No matter what the type of organization, playing an active role in the political decision-making process and policy formation is no longer a luxury—it is an imperative.
A coronavirus pandemic (or even the threat of such a pandemic) could easily make it more difficult for parties to perform their obligations under many types of contracts—especially contracts requiring travel or involving the delivery of goods and services. In the event that one of the parties to a contract can’t perform as a result of an actual or potential coronavirus outbreak, would the doctrine of force majeure allow them to suspend their performance or terminate the contract?
Micaela Arneson supports Brownstein’s Government Relations team by tracking legislative and regulatory developments, keeping clients informed of policy updates relevant to their interests and analyzing the impacts of policy decisions related to international trade, defense, immigration, and U.S. foreign relations.
Before her time at Brownstein, Micaela worked with development organizations in North Carolina, Kenya, Honduras and Scotland. She supported small and large non-profit organizations by creating and publishing marketing materials, conducting audits of their programs and writing successful grant applications. As part of her graduate dissertation at the University of Edinburgh, Micaela worked with Glasgow’s Child Poverty Action Group to analyze the impact of welfare policy in the United Kingdom on single, low-income mothers. The results of her research were used in engagements with the Scottish Parliament to enact policy reform.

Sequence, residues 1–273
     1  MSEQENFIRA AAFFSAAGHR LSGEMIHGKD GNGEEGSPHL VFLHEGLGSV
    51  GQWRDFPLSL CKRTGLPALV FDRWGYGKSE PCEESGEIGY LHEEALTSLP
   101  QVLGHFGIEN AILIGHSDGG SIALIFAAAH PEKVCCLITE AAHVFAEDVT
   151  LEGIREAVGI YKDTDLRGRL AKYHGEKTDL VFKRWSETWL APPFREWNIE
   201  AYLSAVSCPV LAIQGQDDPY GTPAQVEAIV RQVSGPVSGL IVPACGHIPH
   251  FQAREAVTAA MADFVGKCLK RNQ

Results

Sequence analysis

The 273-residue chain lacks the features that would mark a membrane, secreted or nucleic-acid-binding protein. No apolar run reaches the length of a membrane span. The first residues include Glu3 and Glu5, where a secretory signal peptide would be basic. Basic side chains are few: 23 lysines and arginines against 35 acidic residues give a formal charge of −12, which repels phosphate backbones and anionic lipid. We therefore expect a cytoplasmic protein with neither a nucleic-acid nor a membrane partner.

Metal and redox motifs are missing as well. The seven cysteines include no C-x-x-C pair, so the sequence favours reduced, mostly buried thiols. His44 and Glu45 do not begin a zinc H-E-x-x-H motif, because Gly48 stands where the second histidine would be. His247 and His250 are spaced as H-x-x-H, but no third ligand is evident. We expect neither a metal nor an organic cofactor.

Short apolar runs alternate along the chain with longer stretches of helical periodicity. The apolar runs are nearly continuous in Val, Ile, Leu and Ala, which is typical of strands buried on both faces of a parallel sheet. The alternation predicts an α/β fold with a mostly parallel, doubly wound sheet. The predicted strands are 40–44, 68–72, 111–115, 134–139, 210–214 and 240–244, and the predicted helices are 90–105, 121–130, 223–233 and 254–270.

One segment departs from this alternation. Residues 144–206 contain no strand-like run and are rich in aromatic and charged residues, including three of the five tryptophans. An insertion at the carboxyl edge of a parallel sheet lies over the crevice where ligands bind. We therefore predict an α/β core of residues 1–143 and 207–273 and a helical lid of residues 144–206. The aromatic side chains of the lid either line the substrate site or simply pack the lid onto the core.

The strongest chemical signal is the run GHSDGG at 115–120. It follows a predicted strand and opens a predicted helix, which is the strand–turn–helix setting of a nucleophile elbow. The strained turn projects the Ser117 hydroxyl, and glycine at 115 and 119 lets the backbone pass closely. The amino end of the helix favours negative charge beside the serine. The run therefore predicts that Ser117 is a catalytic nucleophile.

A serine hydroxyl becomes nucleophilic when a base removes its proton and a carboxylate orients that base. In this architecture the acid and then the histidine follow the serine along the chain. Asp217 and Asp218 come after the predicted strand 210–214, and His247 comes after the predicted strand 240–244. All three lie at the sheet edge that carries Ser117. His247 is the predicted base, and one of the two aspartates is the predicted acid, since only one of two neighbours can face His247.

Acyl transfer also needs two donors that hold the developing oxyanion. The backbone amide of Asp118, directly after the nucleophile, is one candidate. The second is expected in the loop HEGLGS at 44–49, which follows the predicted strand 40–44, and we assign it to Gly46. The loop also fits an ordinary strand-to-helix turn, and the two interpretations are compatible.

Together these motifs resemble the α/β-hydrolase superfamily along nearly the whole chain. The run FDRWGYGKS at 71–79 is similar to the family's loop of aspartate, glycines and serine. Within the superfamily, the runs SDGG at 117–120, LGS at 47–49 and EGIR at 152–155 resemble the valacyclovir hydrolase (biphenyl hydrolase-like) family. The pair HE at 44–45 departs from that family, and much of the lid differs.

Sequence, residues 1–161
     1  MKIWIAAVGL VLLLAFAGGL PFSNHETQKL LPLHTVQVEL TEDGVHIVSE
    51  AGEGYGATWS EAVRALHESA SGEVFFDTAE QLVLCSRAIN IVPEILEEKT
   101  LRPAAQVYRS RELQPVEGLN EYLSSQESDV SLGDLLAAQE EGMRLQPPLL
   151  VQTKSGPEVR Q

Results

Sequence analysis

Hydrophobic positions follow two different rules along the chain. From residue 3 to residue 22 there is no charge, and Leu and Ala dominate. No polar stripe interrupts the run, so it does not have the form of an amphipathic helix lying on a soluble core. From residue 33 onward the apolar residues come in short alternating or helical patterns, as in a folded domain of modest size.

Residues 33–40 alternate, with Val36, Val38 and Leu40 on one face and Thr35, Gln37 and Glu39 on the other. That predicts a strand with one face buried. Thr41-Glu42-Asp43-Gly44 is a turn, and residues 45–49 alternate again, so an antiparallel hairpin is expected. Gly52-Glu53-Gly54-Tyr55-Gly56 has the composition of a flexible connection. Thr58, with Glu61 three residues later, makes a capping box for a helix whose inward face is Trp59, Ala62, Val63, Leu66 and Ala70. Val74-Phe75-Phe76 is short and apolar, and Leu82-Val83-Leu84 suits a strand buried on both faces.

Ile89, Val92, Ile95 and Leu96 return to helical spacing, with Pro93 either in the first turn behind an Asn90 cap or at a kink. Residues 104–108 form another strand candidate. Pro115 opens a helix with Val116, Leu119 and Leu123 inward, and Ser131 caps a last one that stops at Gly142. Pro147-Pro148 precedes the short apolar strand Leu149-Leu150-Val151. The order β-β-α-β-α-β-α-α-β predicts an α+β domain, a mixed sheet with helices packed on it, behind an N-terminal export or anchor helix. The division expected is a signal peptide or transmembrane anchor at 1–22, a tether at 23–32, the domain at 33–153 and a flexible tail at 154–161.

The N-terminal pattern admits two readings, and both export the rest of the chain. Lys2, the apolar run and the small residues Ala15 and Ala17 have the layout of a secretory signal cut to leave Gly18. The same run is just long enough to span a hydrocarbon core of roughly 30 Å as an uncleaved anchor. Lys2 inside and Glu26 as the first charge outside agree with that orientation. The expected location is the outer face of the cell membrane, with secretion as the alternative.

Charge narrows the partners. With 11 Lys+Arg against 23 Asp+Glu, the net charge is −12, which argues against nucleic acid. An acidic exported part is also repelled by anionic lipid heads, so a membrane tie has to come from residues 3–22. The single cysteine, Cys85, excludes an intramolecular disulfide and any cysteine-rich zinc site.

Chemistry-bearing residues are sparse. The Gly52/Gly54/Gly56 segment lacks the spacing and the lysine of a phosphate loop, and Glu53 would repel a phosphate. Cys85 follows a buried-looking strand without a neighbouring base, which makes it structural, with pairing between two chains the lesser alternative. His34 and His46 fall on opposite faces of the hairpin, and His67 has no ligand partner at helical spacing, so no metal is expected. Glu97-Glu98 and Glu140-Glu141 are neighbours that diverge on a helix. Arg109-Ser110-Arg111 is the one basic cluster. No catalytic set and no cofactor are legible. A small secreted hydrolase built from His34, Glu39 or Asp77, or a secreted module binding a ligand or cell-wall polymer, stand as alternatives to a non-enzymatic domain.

Congressional and Administration Responses to the Coronavirus Outbreak
Brownstein Client Alert, March 21, 2020
USMCA: Overview and Next StepsBrownstein Client Alert, December 16, 2019
Impeachment Ignited: How the Process Will Unfold
Brownstein Client Alert, October 31, 2019
Rotary Global Scholar Grant